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Handloom sarees are a traditional textile art of Bangladesh and India. The production of handloom sarees are important for economic development in rural India. Completion of a single saree takes two to three days of work. Several regions have their own traditions of handloom sarees.
A handloom saree is often woven on a shuttle-pit loom made from ropes, wooden beams and poles. The shuttle is thrown from side-to-side by the weaver. Other weavers use a fly-shuttle loom which can produce different types of patterns. The sarees can vary in size and quality.
Generally handloom saree weaving is a family enterprise and one of India's cottage industries. The handloom sarees are made from silk or cotton threads. Traditionally all the process of thread dyeing and warping were outsourced and sizing, attaching the warp, weft winding and Weaving were done by the weavers. It is important to understand the complex process that plays a major role behind in weaving handloom sarees and the final product which we get to buy from shops. but with time the scenario has changed. Most of the activities are now outsourced.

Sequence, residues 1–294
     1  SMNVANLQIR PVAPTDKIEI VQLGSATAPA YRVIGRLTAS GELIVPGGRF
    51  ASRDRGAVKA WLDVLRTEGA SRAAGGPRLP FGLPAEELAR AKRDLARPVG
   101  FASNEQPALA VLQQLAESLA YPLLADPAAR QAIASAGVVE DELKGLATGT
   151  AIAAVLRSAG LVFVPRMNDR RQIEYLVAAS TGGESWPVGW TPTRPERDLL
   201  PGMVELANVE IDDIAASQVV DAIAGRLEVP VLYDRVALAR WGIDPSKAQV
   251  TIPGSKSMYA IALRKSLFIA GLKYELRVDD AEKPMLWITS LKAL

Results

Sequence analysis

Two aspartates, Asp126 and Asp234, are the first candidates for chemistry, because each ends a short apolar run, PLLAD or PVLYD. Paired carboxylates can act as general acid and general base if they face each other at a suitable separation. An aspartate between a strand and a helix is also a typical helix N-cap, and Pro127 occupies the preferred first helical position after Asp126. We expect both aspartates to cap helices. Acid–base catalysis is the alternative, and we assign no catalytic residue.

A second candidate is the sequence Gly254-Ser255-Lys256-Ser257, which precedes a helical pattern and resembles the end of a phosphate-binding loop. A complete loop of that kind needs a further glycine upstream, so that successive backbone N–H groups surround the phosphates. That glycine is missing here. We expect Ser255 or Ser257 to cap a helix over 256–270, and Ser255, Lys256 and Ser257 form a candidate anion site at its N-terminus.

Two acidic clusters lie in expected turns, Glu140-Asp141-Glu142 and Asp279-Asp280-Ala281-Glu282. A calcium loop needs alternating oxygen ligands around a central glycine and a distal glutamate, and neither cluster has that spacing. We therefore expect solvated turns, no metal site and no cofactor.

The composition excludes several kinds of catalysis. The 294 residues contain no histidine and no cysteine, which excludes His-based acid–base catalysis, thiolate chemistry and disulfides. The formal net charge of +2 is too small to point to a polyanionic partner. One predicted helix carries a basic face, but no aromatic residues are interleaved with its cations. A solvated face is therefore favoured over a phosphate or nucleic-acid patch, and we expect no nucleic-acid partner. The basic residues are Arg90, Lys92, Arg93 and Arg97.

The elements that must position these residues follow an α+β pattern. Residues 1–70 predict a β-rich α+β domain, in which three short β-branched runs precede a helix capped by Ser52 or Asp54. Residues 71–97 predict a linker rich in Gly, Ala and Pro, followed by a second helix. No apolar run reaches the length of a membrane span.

Some of the well known Indian Handloom Sarees are Kanchepuram Silk Sarees, Maheshwari Saree, Bagh Print Saree, Chanderi Silk Sarees, Tussar silk saree, Banarasi Silk Saree, Baluchuri Sarees, Sambalpuri Sarees, Kantha stitch Sarees, Bhadhini Sarees and Munga Sarees. Handloom sarees are made out of good quality silks to give it a lustrous look.